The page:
THE MOST EXTREME spirit I ever tried was a lobster-infused vodka, designed for the high-end Asian market. It wasn’t a great success, but there are plenty of gold-laced spirits that aim to entice and attract a caricature of the Asian audience. But, I believe it’s always more interesting to go inside another culture, learn and understand previously unknown delights. For too many of us, our introduction to the world of Asian flavours and beverages has been cheap beer on the beach in Bali or taking a guess at the sake menu of the local Japanese joint. While there is much to be said for both approaches, there’s a world of flavour, diversity and opportunity right on our doorstep. While our smaller market means accessing a broad range of Asian spirits can be challenging, each year extends the array of choices we have here in New Zealand.

The IWSR (International Wines and Spirits Record) 2018 top ten list of best-selling spirits features primarily Indian and Asian brands across familiar categories like whisky, rum and gin. However, the best selling spirit in the world is Jinro Soju, a Korean spirit made from rice. Here, we find one of the ancient principles of civilisation – where you find a carbohydrate, crush it, brew it or distil it. Unlike sake, that is brewed and fermented, soju is distilled. Largely responsible for much of Korean drinking culture, it is generally lower in alcohol than vodka but with much more flavour.

There is much to be said for the sweet, floral and fruity notes that come from rice-based distillate or wine. In fact, while sake is more commonly known as rice wine, it’s closer to beer than anything. There are six primary types of sake, determined by the way the rice is treated and the use or absence of brewer’s alcohol. Within each of these types, myriad variations are possible depending on the region, brewer’s technique and tradition; all of which govern so much of sake production. Initially sake might be considered light and delicate, but a little time spent between the varieties shows the complexity of flavours and food matches that are possible.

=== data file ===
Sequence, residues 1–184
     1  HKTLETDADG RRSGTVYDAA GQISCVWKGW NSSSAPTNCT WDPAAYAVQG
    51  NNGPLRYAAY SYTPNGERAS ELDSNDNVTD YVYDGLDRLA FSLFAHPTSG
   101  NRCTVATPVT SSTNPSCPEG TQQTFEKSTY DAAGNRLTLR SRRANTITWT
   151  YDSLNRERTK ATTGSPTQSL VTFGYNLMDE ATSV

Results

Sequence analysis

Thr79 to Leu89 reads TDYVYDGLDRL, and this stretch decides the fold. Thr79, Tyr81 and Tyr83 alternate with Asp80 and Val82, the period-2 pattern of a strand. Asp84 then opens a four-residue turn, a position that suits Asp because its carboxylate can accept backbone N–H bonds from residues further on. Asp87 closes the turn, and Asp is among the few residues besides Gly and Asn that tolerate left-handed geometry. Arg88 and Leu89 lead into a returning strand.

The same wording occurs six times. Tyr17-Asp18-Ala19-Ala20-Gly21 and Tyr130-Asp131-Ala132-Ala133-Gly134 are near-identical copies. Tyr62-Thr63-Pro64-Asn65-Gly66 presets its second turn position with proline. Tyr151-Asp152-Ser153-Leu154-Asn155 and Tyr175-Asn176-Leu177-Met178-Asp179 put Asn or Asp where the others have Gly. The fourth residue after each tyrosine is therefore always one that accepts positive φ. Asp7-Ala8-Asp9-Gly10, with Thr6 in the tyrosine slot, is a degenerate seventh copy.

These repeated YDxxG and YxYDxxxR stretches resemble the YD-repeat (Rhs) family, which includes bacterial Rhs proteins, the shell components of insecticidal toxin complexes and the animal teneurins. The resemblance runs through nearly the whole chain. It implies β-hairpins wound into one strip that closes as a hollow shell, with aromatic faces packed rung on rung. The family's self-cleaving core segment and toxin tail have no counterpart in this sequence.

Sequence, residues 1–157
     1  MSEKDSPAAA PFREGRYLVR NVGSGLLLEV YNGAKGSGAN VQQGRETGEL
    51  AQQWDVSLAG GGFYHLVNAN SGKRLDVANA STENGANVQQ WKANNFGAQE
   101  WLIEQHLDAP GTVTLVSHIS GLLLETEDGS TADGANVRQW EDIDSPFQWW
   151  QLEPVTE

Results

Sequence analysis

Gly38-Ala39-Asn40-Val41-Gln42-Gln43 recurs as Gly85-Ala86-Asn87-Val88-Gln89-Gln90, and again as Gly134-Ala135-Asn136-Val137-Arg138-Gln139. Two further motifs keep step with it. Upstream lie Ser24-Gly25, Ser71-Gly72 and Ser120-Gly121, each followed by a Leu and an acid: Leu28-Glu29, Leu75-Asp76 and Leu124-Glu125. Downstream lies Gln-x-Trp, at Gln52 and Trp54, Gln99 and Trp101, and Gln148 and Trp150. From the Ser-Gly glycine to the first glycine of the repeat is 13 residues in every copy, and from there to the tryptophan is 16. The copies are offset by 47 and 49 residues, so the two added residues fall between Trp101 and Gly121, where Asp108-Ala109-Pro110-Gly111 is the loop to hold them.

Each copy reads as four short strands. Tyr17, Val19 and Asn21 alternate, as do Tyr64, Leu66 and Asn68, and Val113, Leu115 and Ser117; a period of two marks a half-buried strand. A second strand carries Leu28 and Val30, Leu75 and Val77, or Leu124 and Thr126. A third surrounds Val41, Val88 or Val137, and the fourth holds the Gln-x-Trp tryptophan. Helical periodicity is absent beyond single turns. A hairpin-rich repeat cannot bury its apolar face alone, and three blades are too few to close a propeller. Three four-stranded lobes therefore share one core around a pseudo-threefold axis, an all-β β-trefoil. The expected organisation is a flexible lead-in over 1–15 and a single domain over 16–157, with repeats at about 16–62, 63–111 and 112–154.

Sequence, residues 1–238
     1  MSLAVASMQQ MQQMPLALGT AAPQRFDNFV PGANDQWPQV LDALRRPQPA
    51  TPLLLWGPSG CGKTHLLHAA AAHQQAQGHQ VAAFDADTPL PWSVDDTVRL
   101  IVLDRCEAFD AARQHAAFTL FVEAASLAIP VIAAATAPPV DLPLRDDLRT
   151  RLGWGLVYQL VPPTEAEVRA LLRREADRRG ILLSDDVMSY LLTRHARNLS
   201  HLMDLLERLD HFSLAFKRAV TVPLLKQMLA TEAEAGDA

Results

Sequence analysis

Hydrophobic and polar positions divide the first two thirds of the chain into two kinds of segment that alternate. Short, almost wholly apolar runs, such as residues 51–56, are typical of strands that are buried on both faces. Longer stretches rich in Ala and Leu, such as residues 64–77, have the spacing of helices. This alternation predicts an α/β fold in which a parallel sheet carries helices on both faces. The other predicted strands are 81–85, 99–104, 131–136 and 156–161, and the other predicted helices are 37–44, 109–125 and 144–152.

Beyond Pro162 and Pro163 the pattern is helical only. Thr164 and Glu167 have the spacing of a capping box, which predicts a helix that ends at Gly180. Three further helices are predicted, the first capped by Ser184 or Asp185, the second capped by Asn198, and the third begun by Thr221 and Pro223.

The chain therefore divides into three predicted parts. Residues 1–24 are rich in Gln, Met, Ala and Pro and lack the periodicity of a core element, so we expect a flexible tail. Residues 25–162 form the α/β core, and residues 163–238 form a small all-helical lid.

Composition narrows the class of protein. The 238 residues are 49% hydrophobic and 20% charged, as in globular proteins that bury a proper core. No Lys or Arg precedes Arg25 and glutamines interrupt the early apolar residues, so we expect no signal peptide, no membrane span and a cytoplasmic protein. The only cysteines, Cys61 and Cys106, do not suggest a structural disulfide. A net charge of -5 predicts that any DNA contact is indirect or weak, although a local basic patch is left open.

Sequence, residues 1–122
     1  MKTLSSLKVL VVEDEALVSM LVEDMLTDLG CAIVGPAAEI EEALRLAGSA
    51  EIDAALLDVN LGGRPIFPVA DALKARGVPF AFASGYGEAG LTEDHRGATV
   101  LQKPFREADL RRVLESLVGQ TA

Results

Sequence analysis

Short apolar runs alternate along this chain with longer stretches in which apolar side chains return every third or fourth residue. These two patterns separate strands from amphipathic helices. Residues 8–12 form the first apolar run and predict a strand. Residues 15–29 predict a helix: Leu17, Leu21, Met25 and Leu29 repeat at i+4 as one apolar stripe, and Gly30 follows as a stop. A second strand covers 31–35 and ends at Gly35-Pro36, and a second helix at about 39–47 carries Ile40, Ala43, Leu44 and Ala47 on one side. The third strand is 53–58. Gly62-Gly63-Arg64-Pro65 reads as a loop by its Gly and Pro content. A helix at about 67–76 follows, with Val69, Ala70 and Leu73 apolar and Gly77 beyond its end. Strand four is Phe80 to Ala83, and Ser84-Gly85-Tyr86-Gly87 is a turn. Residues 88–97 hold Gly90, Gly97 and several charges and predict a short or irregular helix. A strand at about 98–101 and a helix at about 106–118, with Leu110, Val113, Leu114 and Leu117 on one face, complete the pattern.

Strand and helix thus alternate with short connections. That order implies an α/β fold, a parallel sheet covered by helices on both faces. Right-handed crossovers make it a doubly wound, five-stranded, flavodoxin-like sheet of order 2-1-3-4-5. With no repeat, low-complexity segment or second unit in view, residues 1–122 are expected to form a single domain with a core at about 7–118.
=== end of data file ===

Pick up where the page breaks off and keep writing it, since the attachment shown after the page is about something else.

Sake is best approached in the same way you might a line-up of diverse whisky or gin – it’s all the same general flavour profile but the fun is in learning the unique characteristics of each one. It’s crucial to understand the warm, funky aroma of sake comes from koji mold, a critical ingredient of the fermentation process that helps bring out the sweetness that can be found in every sake.

While sake deserves ample attention, there are other spirits deserving of your time too. Just as Japanese and Indian whiskies gently redefine a local expression of the spirit, so does Indonesian and Filipino rum. Again, local ingredients take provenance every time – so it’s rum, but not as you know it on an adventure for your tastebuds.

Tash’s top picks…


Plum wine, or umeshu, is made from soaking green or unripe Japanese plums in shochu and sugar. Sweet and sour, umeshu can be served warm, cold or at room temperature and mixes well with green tea and cocktails. I prefer it cold over a large ice-cube.


Junmai Daijinjo sake uses milled rice and brewer’s alcohol in the fermentation process. The result of this ‘Ginjo’ technique is a delicate style of sake that delivers surprising punch with its floral and fruity aromas. This is a sake that stands up to rich beef, seafood and umami food flavours.


24 The Korean flavour wave sweeping the Western hemisphere includes the world’s best-selling spirit, Jinro Soju. Soju is traditionally made from rice (like sake), wheat, barley or sweet potatoes, but is distilled rather than brewed. Crisp, clean and clear like vodka, it is subtly sweet. At 24% abv, it can be an excellent cocktail mixer.


Arrack or Indonesian rum is made from 100% sugarcane molasses that gets a kickstart in the fermentation process from adding Indonesian red rice. Distilled in Indonesia and then aged in oak in Amsterdam, Batavia Arrack has citrus and chocolate notes, with plenty of oak. A great cocktail or punch rum.


A Junmai-shu sake, made only from unmilled rice, koji mold, yeast and water. Dry and with low acidity, the mellow nature of this sake allows the fruity aroma and umami character to shine through. As with most sake, it can be served at a variety of temperatures but I enjoy it most at room temperature to enjoy the full-bodied character.